Why this story matters:
In response to poor trends in child support payments from fathers in divorced families, the Estonian government implemented a huge reform a few years ago. Among other things, they connected the alimony to the minimum salary. This means that the parent not living with his or her children must make a payment equivalent to half of a minimum salary.
When the new law was implemented, the minimum salary was low in Estonia, and based on a study the cost of life for a child was comparable. No one expected the minimum salary to increase so rapidly as of 2012.
This year, fathers are expected to pay 250 euros per child. A man with three children has to pay 750 euros, an amount many say they cannot afford. Some fathers have even left their jobs (at least officially) to avoid paying.
Recently, judges have written a public letter to the Ministry of Justice asking for the law to be more flexible and considerate of the parents' actual situations.
One father wrote a letter to the Estonian daily Päevaleht in which he claimed that his children didn't receive all of the financial support he paid because his former partner used it for beauty salons, clothes and accessories. This sparked a wave of letters from fathers with similar concerns.
Having a strict alimony system where the government makes an extra effort to force fathers (or mothers, of course) who don't live with their children, to pay up, is new to Estonia where for decades many parents didn't even expect to receive anything from their exes. This used to be quite a common thinking - if I have to beg for help every month for support, I'd much rather not have it at all. So women often gave up on alimony altogether. It definitely wasn't common to turn to court to force your children's father to pay, like it is now.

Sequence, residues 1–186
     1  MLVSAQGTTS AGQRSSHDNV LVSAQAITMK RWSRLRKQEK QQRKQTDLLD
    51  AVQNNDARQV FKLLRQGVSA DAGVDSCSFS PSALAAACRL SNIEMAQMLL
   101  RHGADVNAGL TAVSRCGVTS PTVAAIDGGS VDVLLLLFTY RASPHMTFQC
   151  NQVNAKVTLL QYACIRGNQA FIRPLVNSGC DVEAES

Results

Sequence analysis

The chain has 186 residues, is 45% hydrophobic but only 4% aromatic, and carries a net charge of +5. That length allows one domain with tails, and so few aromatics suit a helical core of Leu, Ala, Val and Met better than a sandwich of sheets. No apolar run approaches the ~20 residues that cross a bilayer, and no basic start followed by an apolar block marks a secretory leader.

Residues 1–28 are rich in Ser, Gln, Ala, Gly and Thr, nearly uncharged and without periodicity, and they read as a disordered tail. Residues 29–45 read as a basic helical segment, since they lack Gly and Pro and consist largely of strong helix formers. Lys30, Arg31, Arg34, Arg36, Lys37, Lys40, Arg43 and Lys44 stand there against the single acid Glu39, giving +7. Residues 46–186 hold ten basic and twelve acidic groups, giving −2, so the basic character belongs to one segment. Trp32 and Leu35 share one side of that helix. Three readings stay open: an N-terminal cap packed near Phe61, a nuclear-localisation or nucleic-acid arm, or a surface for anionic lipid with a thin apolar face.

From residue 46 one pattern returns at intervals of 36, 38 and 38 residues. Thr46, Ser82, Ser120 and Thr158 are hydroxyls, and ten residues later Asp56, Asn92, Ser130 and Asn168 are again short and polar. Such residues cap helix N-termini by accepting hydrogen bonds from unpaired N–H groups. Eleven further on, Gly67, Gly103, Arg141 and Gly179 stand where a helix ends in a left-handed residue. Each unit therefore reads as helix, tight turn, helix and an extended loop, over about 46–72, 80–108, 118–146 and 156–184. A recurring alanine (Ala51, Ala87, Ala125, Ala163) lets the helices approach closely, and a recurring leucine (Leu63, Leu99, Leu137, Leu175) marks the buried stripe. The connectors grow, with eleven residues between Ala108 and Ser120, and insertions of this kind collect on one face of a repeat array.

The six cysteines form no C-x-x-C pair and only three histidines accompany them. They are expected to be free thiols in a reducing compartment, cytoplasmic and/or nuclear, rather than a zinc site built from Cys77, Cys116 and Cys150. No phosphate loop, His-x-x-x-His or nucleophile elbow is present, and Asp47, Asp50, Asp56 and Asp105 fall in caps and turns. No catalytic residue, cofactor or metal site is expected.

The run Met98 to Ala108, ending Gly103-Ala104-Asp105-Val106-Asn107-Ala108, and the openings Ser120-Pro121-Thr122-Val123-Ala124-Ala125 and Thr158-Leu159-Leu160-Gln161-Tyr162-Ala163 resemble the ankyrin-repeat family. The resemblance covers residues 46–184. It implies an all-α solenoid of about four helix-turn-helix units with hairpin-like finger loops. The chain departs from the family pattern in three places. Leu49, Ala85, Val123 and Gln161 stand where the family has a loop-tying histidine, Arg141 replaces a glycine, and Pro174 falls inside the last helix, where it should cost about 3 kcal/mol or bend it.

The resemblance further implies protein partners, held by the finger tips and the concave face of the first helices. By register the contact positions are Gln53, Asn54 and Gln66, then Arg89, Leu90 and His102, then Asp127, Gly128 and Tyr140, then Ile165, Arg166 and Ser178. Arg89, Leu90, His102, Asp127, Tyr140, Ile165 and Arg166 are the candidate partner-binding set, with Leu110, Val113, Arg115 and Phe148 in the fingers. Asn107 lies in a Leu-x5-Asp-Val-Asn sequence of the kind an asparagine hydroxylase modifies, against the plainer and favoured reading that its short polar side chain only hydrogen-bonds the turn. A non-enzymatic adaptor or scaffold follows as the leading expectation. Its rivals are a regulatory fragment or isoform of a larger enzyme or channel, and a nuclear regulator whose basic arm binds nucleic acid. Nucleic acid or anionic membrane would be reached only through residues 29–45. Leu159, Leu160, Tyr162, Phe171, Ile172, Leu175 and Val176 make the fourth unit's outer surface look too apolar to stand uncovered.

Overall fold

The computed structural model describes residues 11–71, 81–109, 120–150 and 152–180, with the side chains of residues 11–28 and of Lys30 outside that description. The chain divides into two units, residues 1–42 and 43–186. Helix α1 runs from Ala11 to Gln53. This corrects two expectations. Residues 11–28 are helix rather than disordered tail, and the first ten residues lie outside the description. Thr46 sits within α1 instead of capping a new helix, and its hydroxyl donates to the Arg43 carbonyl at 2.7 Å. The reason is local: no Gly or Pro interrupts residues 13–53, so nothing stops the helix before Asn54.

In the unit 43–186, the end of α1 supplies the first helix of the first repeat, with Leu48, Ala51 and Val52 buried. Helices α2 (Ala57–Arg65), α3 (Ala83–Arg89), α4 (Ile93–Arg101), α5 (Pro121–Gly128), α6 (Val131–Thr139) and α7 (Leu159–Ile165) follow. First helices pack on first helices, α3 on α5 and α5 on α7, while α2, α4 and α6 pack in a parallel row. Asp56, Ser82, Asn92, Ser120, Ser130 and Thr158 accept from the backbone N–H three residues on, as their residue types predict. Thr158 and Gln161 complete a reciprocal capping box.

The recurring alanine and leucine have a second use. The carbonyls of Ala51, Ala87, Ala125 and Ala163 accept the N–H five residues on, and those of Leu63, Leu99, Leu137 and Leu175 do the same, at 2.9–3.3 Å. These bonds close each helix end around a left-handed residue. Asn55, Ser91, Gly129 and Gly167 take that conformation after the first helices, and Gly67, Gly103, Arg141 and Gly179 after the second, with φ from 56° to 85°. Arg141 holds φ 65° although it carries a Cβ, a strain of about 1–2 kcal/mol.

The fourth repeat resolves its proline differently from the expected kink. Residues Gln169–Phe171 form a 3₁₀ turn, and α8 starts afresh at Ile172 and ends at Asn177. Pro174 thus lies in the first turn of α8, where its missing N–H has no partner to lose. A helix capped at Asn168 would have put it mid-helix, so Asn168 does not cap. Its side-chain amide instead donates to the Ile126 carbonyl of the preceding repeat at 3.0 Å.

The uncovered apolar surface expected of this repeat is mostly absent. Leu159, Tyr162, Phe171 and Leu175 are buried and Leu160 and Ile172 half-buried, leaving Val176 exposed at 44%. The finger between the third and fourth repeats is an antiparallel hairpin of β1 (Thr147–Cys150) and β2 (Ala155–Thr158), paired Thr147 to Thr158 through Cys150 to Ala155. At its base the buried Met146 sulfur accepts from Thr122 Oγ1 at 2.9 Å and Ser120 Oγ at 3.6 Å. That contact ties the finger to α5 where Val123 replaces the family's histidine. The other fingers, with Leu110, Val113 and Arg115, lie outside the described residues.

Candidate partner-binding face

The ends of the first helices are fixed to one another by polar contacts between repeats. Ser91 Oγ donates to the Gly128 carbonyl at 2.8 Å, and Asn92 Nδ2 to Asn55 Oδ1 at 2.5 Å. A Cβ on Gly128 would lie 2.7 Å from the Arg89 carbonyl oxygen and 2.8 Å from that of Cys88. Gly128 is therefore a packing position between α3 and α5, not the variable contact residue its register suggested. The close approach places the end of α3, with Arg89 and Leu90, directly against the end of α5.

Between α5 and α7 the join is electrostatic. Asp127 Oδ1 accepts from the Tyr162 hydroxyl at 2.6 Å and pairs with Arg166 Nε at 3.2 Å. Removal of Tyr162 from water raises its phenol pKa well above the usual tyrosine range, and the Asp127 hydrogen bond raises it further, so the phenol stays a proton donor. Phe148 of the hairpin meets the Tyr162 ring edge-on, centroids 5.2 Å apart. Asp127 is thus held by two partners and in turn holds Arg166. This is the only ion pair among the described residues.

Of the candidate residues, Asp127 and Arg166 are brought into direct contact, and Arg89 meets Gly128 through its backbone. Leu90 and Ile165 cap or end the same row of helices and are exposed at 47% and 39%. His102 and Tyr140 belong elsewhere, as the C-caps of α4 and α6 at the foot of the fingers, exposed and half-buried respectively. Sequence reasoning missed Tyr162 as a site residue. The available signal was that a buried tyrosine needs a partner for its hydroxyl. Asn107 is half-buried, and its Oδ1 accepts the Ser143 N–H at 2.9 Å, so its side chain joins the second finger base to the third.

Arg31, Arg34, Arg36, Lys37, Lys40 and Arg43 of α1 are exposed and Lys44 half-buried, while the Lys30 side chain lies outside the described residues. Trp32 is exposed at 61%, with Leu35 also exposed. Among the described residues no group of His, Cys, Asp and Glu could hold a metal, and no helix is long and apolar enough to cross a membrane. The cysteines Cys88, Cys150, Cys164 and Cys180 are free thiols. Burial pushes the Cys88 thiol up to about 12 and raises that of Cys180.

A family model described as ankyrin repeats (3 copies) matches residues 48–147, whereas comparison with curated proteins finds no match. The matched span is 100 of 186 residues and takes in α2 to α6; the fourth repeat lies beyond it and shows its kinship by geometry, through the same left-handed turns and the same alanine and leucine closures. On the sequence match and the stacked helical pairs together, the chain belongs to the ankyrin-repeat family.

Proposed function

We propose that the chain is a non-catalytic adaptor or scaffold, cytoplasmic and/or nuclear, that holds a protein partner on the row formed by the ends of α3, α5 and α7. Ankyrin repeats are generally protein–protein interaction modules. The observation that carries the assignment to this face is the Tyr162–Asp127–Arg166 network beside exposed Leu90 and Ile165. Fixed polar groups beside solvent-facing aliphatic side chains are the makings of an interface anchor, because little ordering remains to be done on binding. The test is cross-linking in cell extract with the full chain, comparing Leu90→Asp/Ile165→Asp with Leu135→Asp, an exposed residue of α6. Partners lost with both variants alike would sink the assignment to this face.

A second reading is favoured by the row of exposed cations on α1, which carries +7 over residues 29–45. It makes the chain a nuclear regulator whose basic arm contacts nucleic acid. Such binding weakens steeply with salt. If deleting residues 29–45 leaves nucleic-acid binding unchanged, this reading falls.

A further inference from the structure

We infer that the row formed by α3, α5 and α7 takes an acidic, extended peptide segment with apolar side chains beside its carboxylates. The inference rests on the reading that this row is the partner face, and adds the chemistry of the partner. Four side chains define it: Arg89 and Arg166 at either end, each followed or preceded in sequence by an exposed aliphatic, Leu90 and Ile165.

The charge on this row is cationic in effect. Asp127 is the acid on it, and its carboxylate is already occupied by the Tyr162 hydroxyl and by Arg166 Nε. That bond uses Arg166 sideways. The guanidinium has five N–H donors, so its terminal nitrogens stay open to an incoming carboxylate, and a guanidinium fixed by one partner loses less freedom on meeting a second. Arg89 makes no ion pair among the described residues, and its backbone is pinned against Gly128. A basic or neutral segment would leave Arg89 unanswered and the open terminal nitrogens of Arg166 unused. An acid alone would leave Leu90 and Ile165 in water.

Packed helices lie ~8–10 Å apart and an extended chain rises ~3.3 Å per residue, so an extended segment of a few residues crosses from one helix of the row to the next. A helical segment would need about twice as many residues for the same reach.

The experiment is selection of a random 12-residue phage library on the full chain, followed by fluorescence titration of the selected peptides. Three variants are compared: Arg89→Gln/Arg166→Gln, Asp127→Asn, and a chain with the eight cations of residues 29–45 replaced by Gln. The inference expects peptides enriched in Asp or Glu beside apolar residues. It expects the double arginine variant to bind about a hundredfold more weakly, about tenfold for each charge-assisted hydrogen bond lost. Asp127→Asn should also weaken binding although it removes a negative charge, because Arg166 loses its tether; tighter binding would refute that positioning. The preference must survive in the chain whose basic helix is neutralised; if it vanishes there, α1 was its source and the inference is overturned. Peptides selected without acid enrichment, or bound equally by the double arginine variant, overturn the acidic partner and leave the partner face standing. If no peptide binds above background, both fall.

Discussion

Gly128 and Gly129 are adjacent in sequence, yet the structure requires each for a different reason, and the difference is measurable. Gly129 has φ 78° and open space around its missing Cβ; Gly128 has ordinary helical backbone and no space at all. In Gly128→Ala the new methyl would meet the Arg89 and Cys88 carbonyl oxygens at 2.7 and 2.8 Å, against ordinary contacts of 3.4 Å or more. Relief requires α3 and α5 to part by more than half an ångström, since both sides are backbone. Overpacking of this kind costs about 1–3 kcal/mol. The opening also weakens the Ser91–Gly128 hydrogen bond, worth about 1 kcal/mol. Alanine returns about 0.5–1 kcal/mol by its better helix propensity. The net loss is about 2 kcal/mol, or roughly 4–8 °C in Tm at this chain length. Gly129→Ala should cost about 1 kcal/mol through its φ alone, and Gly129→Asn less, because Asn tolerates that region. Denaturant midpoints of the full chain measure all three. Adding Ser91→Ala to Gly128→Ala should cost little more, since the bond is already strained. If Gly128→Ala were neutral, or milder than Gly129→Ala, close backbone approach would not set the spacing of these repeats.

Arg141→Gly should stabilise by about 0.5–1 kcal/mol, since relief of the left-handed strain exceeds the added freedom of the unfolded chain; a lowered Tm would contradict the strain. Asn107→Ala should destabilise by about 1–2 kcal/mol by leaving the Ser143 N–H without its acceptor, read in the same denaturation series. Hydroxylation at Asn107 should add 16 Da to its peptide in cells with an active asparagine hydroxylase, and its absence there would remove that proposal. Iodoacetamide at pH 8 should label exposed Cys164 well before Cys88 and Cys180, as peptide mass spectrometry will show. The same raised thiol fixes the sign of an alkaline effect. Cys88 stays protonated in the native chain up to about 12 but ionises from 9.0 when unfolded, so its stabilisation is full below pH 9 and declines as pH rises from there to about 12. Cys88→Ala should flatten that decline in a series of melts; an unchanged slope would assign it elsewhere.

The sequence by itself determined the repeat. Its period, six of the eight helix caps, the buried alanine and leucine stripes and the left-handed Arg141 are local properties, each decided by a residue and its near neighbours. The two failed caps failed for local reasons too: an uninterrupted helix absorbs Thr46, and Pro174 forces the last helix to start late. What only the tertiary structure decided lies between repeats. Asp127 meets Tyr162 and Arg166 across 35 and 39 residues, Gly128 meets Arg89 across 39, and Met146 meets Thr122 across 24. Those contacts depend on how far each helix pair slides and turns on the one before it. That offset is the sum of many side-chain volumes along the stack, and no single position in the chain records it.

So the reform was a very sudden change. Parents who, for years, could get away with not paying had to suddenly scrape up all their savings. And that could understandably create an angry wave of reactions.
On the other hand, making everyone pay the same amount is a very strict rule. It's a big difference whether you live and work in the capital or in a small town in Estonia. And if people are hiding their real incomes because they can't afford to pay alimony, then there is a fault in the system that needs to be fixed.
Details from the story:
- Many fathers have turned to the Ministry of Justice with a similar concern -- they think their alimonies are wasted on irrelevant things.
- Alimony per parent per child in Estonia is 250 euros, the biggest it has ever been. If the parent is not able to pay up, the government does instead.
- Other penalties apply for dads who are not willing to pay. For example, their driving licenses can be taken away.
- The Justice Ministry is discussing the possibility of changing the law to be more flexible and considerate of the actual capabilities of parents. For example, they are thinking of using the German model where the alimony is calculated based on different criteria.
- The number of people turning to the court about alimony issues has doubled since 2012.